Monthly Archives: July 2017

#WITMonth is coming – some suggestions of books by women in translation

As in previous years, Meytal at the Biblibio blog will be hosting Women in Translation (#WITMonth) throughout the month of August. It’s a celebration of translated literature by women writers – you can find out more about it here. I’ve reviewed quite a few books in this category over the years; so, if you’re looking for some ideas on what to read next month, here are a few of my favourites.

Bonjour Tristesse by Françoise Sagan (tr. Heather Lloyd)

A quintessential summer read, Bonjour Tristesse is an irresistible story of love, frivolity and the games a young girl plays with others people’s emotions, all set against the blistering heat of the French Riviera. Seventeen-year-old Cécile is spending the summer on the Cote d’Azur with her father, Raymond, and his latest lover, Elsa. Everything is leisurely and glorious until another player arrives on the scene, the glamorous and sophisticated Anne, whose very presence threatens to disrupt Cécile’s idyllic life with her father. An utterly compelling novel – I’ll be reading Sagan again this year, this time in an Irene Ash translation.

Grand Hotel by Vicki Baum (tr. Basil Creighton)

This engaging novel revolves around the experiences of six central characters as they brush up against one another during their time at a Berlin hotel in the 1920s. There are moments of lightness and significant darkness here as Baum weaves her story together, moving from one player to another with consummate ease – her sense of characterisation is very strong. At the centre of the novel is the idea that our lives can change direction in surprising ways as a result of our interactions with others. We see fragments of the lives of these individuals as they come and go from the hotel. Some are on their way up and are altered for the better; others are on their way down and emerge much diminished. All in all, this is a delightfully entertaining read.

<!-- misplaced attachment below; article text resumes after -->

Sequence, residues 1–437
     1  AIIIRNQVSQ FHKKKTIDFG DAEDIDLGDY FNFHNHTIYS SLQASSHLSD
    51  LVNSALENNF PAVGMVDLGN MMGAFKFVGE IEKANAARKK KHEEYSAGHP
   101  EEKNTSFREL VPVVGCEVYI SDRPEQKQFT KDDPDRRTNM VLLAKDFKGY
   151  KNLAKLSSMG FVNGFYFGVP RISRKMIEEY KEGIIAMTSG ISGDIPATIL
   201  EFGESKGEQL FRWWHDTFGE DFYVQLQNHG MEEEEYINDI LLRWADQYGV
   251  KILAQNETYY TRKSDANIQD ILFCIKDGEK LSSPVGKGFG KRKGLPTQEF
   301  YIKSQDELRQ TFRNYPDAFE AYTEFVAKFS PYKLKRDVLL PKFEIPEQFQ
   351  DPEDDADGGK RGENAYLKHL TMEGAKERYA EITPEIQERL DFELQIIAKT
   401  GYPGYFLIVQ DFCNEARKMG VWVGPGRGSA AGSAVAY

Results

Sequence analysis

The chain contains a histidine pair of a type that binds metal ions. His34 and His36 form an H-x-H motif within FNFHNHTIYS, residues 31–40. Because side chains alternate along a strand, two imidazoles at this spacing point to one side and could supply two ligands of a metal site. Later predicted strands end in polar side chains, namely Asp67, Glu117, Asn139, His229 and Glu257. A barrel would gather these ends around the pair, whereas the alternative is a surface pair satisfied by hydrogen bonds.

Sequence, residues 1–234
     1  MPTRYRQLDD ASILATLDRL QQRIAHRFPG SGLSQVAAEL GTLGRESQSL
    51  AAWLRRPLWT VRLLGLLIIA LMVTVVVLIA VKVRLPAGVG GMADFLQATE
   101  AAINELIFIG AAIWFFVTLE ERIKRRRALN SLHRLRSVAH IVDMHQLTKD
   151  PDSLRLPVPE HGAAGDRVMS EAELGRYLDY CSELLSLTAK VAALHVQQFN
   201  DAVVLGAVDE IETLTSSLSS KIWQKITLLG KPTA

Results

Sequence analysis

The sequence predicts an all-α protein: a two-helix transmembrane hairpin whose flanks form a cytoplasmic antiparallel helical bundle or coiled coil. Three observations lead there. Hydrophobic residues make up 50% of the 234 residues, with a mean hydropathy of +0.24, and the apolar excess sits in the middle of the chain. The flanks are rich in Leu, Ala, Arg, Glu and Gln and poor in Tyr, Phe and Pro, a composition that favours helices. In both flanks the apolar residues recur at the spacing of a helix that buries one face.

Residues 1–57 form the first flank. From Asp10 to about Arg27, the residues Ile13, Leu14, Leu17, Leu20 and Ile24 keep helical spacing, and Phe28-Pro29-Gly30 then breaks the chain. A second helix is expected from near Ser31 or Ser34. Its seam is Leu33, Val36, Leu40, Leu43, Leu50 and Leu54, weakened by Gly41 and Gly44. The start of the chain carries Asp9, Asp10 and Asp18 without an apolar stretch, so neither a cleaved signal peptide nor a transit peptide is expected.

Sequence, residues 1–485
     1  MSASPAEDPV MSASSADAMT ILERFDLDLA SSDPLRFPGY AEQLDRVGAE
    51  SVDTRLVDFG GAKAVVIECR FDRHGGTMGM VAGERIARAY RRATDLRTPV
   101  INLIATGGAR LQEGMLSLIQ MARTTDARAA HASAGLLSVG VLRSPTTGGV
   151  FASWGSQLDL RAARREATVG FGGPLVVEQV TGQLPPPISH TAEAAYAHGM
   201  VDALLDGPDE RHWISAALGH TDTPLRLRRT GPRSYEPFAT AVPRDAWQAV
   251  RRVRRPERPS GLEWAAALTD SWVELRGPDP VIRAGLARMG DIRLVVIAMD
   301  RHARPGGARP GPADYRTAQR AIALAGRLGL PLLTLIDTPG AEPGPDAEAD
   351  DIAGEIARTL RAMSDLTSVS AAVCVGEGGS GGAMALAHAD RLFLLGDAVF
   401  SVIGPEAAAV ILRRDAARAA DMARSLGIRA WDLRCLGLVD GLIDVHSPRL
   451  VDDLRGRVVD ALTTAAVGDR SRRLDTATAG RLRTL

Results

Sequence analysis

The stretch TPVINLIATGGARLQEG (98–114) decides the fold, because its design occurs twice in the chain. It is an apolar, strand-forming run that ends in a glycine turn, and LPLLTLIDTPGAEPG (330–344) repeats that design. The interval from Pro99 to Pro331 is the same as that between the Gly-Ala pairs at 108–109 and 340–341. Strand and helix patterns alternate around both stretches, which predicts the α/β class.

Nada by Carmen Laforet (tr. by Edith Grossman)

Carmen Laforet was just twenty-three when her debut novel, Nada, was published. It’s an excellent book, dark and twisted with a distinctive first-person narrative. Here we see the portrayal of a family bruised by bitterness and suspicion, struggling to survive in the aftermath of the Spanish Civil War. This is a wonderfully evocative novel, a mood-piece that captures the passion and intensity of its time and setting. Truly deserving of its status as a Spanish classic.

Transit by Anna Seghers (tr. by Margot Bettauer Dembo)

A novel inspired by Seghers’ own experience as a refugee fleeing from Europe following the German invasion of France in 1940, Transit gives an insight into the bureaucratic maze and red tape involved in securing a safe passage from Marseille. It’s a haunting and unforgettable story with questions of shifting identity and destiny at its heart. This was a standout read for me.

Subtly Worded by Teffi (tr. Anne Marie Jackson)